Expression – the need to express self in the game.
Abnegation – game as pastime – desire to play to disengage or “zone out”.

Different RPG’s, indeed different versions of the same RPGs, focus on different core Aesthetics.

OD&D, for example, is largely focused on Challenge, Fellowship and Discovery.  Fantasy enters into it to a lesser extent, as do Narrative and Expression – but really, old-school D&D as written isn't as much about those aesthetics.  For many people who have been playing D&D for a long time, there is also a sense pleasure aspect to rolling handfuls of dice or putting the first few lines on a blank sheet of graph paper.

“My” version of D&D – the one I played the most of, is 2e, and 2e, especially with the splatbooks, has a fairly different set of core aesthetics.  It’s much more about Fantasy, Narrative and Expression, piled on top of the Fellowship and Discovery aspects of earlier versions of D&D.  I feel like the Challenge aspect is somewhat reduced, too.  Not that it isn’t challenging, just the Challenge as a core aesthetic takes something of back seat other aspects.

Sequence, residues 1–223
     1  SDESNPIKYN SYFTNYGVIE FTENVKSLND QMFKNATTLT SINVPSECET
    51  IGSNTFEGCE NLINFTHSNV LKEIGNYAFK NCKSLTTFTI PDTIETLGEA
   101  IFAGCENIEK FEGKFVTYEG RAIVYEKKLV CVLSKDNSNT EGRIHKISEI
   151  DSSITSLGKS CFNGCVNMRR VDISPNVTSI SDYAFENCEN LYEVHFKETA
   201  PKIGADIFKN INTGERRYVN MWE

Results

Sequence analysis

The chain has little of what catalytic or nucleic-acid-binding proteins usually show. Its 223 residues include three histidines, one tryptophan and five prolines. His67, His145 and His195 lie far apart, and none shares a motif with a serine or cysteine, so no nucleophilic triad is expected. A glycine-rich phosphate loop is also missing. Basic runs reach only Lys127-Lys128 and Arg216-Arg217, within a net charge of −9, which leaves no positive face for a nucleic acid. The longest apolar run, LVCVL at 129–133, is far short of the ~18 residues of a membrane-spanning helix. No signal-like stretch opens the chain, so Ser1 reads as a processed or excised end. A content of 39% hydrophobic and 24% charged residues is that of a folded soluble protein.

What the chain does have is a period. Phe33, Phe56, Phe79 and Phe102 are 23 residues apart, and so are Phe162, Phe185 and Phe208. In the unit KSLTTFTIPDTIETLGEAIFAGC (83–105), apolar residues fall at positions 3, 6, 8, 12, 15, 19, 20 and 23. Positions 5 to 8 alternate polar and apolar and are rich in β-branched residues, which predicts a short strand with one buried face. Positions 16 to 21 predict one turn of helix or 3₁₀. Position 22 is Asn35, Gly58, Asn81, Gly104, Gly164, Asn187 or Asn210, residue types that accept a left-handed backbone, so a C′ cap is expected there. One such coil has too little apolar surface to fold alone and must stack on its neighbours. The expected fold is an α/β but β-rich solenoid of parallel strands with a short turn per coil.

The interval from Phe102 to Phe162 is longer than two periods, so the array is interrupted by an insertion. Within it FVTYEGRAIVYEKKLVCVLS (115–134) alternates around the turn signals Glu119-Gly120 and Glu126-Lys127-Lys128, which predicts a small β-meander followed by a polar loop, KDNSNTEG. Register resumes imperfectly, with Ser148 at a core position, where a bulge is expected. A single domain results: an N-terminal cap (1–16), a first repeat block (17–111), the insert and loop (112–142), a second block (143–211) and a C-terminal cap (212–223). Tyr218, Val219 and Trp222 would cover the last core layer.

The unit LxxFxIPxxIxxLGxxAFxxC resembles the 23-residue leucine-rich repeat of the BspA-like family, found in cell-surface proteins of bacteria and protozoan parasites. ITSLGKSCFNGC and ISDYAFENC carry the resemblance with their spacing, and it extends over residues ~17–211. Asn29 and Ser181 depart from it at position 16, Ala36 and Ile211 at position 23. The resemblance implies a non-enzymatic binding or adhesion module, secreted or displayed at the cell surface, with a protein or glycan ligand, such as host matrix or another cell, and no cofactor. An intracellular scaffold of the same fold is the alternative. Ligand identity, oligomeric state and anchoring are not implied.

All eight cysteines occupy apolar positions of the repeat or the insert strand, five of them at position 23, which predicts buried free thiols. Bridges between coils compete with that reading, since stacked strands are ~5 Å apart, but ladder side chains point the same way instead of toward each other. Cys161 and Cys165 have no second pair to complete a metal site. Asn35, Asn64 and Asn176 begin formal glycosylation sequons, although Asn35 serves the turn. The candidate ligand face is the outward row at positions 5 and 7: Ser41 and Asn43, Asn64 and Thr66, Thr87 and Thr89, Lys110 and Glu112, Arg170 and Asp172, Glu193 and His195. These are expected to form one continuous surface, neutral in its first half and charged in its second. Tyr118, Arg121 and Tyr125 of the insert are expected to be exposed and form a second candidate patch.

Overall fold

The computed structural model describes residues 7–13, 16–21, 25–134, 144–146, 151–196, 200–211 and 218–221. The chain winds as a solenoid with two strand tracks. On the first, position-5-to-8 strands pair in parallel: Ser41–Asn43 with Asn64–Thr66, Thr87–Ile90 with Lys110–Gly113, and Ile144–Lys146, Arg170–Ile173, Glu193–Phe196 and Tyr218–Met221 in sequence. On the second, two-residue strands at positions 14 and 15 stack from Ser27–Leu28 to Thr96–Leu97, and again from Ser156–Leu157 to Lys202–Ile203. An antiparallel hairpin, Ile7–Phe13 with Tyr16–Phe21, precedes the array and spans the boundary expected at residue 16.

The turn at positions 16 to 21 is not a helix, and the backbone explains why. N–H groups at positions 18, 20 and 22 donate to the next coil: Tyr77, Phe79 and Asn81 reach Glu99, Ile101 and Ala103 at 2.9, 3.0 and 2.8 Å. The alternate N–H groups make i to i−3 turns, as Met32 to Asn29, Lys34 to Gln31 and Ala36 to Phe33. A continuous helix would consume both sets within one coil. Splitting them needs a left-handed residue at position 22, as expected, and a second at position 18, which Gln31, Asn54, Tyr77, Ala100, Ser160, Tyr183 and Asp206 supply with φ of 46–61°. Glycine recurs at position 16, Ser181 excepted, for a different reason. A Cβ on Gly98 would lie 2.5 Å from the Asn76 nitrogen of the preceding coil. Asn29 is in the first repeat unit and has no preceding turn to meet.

How about you?  What is your favorite RPG and what are the aesthetics that draw you to it?

Wednesday, October 17, 2012

Character Creation VS Character Generation

At first blush, these two seem like they are the same thing – what we call making a character.  They really aren’t, though – and I have a strong preference for one over the other.

Let’s start by defining our terms.  Not defining your terms is a HUGE problem in conversations about role-playing.  Things like “balance”, “encounter scaling” and “resource management” mean TOTALLY different things to different people, so a conversation can go off the rails pretty fast as people talk past each other.  And I like to have conversations where everyone is mostly on the same page - at least in terms of what is being discussed.

To me, character creation involves selecting from available options for mechanical elements of the character and making up from whole cloth the non-mechanical elements.  Crunch and Fluff, if you will.  The best example of this that comes to mind is character creation in Vampire: the Masquerade.  Everything is allocation and trade-off for the parts of the character that have game mechanics.  You are not reliant on randomization at any point.  You can make up a backstory and build the character towards fitting that or create a character and then build a backstory around it.  Either way works.